See also NASATV

Source: nasa.gov via Glenn on Pinterest

Video – NASA Continuing Landsat’s 40-Year Legacy With LDCM 8

Indeed, it isn’t called the continuity mission for nothing!! The Landsat Data Continuity Mission (LDCM) is a collaboration between NASA and the U.S. Geological Survey that will continue the Landsat Program’s 40-year data record of monitoring Earth’s landscapes from space. LDCM will expand and improve on that record with observations that advance a wide range of Earth sciences and contribute to the management of agriculture, water and forest resources. For more information, visit http://www.nasa.gov/landsat and http://landsat.usgs.gov

USGS Comments, Mission Accomplished for Landsat 5 After 29 Years

IT seems that like the Eveready Bunny, Landsat 5 just keeps in ticking… however, according to the USGS it may be that time has run its course for Landsat 5 and retirement is now looming near. This from the USGS…  Landsat 5 will be decommissioned over the coming months, bringing to a close the longest-operating Earth observing satellite mission in history.  By any measure, the Landsat 5 mission has been an extraordinary success, providing unprecedented contributions to the global record of land change. The USGS has brought the aging satellite back from the brink of failure on several occasions, but the recent failure of a gyroscope has left no option but to end the mission – See more

USPS Taps LandSat 7 satellite images For Earthscapes Forever stamps

This cool story from the USGS takes me back to my days of stamp collecting… Two images from the Landsat 7 satellite are included in the new U.S Post Office series of 15 Earthscapes Forever stamps. Released October 1 to kick off National Stamp Collecting Month, the stamps vividly portray America’s diverse landscapes as viewed from heights of several hundred feet above the Earth to several hundred miles in space.

The Earthscapes collection presents examples of three broad categories of the way that human actions intersect with the land — natural, agricultural, and urban. Note, As part of the Landsat 40th Anniversary Celebration this summer, the USGS and NASA held an online contest in which more 14,000 people voted on their Top Five favorite Earth as Art images.

Source: usgs.gov via Glenn on Pinterest

USGS Landsat 5 Mission in Jeopardy

Amazing that 27 years after a planned 3 year mission, Landsat 5 is finally running into some technical issues and is no longer acquiring imagery according to the USGS.  This from the USGS… Landsat 5 was launched in 1984 and designed to last 3 years. The USGS assumed operation of Landsat 5 in 2001 and managed to bring the aging satellite back from the brink of total failure on several occasions following the malfunction of key subsystems. There is now an increasing likelihood that the Landsat 5 mission is nearing its end.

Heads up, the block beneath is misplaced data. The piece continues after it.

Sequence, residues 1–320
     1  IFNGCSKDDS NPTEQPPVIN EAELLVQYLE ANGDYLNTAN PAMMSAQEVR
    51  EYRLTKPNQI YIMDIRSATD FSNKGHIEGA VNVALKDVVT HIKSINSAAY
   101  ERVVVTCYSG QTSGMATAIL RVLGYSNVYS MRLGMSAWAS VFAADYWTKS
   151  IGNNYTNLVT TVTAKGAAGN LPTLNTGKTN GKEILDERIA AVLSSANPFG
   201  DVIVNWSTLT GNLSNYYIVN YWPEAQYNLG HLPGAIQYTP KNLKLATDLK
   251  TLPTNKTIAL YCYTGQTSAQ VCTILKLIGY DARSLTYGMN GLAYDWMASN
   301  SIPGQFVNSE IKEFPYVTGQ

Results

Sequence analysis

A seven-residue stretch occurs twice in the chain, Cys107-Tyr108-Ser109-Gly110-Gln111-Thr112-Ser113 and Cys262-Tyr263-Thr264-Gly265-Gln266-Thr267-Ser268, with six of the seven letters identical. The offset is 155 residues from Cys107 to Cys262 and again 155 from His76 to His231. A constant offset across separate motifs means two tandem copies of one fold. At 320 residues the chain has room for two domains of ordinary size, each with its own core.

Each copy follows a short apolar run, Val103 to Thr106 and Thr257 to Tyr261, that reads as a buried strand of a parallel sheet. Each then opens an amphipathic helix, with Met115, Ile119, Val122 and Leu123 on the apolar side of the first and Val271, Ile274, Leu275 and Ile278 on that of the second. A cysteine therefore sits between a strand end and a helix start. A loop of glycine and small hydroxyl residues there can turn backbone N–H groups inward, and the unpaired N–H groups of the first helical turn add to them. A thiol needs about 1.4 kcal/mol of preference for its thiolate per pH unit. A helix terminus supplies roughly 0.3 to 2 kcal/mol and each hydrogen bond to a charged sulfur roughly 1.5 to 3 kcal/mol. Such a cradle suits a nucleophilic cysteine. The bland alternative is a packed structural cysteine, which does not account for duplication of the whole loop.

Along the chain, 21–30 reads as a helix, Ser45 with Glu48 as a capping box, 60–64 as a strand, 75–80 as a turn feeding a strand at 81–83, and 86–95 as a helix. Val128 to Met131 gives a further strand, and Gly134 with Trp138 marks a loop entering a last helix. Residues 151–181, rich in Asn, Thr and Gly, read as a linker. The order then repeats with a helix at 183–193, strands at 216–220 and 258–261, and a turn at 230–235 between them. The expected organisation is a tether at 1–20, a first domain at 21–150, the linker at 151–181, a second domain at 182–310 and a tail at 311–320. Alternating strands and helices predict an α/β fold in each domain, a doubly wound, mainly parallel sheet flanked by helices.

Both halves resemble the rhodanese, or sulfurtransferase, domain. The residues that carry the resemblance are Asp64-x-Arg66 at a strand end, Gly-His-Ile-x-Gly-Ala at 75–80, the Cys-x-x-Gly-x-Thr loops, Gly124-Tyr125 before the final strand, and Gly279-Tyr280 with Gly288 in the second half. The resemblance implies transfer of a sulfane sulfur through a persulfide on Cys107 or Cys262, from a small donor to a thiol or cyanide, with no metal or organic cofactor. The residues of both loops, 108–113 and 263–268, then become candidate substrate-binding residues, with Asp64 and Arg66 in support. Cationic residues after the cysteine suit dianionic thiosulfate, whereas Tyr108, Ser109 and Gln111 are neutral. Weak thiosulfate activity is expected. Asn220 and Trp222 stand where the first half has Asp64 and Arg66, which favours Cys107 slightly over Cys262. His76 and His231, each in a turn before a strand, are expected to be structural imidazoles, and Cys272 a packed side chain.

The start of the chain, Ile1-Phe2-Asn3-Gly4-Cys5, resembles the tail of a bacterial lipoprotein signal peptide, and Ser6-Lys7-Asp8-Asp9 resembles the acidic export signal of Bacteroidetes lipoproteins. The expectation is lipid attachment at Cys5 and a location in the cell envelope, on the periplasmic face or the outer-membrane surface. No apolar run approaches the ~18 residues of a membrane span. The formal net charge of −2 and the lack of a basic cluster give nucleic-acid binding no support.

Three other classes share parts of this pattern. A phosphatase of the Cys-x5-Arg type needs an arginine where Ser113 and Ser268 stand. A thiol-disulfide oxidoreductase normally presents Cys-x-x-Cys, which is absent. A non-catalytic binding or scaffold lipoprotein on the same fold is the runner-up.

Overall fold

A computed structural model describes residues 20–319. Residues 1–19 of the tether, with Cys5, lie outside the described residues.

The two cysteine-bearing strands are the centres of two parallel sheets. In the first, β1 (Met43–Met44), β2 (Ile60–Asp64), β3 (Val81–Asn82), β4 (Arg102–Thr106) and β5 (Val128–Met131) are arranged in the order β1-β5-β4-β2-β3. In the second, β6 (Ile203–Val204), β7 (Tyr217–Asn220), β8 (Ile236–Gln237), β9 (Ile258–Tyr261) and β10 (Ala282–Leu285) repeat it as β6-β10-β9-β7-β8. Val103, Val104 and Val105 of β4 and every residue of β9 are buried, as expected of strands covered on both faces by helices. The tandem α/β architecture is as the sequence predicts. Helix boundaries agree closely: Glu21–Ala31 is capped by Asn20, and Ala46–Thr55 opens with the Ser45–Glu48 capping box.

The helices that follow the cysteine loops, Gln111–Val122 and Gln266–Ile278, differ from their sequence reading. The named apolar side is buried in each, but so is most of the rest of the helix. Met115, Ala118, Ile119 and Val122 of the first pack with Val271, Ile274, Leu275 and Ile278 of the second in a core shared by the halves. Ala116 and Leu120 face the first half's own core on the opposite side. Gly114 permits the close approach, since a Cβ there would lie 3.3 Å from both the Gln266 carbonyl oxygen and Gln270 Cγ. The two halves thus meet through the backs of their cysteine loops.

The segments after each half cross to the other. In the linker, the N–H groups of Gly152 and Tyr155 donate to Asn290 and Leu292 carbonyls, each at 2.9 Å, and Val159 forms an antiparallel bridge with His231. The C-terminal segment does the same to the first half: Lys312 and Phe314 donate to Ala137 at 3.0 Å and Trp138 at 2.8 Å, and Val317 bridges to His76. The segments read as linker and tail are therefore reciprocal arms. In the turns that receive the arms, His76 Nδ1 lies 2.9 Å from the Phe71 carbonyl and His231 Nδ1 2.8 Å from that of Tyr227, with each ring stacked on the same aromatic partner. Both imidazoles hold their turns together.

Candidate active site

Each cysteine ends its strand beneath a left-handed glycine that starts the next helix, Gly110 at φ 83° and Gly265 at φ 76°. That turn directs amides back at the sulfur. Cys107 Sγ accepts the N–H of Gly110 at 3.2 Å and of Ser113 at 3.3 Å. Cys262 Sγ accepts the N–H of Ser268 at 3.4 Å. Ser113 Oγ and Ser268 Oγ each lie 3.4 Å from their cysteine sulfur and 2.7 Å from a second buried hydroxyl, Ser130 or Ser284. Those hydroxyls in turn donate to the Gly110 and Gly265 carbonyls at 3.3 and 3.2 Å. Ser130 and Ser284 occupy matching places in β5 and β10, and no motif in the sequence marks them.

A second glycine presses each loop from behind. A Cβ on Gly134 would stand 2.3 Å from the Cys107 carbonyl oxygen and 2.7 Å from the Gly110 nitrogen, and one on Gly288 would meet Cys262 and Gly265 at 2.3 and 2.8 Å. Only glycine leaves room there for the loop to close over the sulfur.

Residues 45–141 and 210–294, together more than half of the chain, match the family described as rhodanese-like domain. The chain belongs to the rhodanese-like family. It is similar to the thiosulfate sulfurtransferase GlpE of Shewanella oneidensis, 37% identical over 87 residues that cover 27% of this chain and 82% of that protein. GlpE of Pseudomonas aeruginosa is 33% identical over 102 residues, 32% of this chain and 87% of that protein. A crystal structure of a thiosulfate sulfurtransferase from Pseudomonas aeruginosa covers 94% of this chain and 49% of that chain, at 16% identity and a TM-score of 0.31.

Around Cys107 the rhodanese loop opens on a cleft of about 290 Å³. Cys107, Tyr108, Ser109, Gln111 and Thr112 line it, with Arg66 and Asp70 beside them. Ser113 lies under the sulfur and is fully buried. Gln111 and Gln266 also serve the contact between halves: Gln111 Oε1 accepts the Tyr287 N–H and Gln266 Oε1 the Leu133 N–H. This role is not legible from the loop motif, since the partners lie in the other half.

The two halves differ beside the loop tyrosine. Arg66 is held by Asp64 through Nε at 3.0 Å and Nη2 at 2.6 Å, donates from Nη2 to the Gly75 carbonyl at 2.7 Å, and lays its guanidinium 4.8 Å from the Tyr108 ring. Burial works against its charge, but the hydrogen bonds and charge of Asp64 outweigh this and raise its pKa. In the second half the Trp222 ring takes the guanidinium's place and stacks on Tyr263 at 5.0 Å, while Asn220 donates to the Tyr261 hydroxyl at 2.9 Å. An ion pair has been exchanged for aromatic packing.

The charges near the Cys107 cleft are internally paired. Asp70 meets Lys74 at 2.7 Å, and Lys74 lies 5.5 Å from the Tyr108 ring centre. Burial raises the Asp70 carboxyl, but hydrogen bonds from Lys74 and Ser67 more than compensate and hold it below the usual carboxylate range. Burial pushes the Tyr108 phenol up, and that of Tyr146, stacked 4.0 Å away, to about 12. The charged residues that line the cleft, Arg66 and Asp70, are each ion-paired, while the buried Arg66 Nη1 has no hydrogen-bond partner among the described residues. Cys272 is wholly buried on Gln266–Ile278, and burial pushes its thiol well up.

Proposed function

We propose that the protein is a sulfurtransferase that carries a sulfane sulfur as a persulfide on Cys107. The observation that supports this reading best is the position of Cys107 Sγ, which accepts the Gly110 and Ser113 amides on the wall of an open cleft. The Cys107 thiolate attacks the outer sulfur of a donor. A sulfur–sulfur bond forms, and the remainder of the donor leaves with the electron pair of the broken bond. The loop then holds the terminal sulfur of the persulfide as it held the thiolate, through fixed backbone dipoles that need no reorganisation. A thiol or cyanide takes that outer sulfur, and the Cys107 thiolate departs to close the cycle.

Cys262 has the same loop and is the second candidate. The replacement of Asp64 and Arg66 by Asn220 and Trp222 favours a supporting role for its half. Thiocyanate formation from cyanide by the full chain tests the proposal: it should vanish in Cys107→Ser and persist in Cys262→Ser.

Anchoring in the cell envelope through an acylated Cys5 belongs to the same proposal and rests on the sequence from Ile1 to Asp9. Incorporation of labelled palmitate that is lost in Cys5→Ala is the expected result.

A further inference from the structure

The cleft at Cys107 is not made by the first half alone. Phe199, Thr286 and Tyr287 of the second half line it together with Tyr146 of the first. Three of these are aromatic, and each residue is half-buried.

Instead of continuing to operate until the amplifier fails completely, which could bring the mission to an end, USGS engineers have suspended imaging activities for an initial period of 90 days in order to explore every possible option for restoring satellite-to-ground image transmissions.  FYI, Landsat 8 is scheduled to be launched into orbit in 2013.

PErhaps my all-time favorite Landsat 5 image shared by the USGS – The Selenge River Delta
Sensor: L5 TM – Path/Row: 132/24 – Lat/Long: 51.700/107.000 – Date Posted: 07/05/2011

See more details in the official announcement – USGS has stopped acquiring images from the 27-year-old Landsat 5

Browse the Landsat 5 Image Gallery HERE

SAIC Introduces online LANDSAT Imagery Resource

Interesting to see that SAIC has rolled out an online Landsat imagery resource. the company bills it as a web-based processing system delivering custom Landsat imagery directly to the customer desktop. Already openly available by the USGS, the SAIC resource provides value added services using an array of spatial and spectral processing options making the data easier to work with. Processing options enable users to specify:
Scaled Radiances or Top-of-Atmosphere processing levels
Projection, resampling method, and output pixel size
Gap-filling for ETM+ SLC-off scenes
Bands or Multispectral Indices of interest
Output file format

see more details here or see also http://www.landsatimageplace.com/